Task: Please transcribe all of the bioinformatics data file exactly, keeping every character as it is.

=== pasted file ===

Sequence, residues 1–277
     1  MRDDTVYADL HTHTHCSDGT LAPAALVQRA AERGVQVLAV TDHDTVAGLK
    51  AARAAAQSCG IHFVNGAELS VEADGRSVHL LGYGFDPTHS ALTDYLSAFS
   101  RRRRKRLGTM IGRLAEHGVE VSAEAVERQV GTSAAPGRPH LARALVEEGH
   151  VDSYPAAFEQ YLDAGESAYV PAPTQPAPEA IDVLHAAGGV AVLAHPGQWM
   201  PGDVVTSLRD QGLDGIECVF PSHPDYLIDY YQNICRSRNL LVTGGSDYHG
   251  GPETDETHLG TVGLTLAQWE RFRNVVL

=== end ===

Sequence, residues 1–277
     1  MRDDTVYADL HTHTHCSDGT LAPAALVQRA AERGVQVLAV TDHDTVAGLK
    51  AARAAAQSCG IHFVNGAELS VEADGRSVHL LGYGFDPTHS ALTDYLSAFS
   101  RRRRKRLGTM IGRLAEHGVE VSAEAVERQV GTSAAPGRPH LARALVEEGH
   151  VDSYPAAFEQ YLDAGESAYV PAPTQPAPEA IDVLHAAGGV AVLAHPGQWM
   201  PGDVVTSLRD QGLDGIECVF PSHPDYLIDY YQNICRSRNL LVTGGSDYHG
   251  GPETDETHLG TVGLTLAQWE RFRNVVL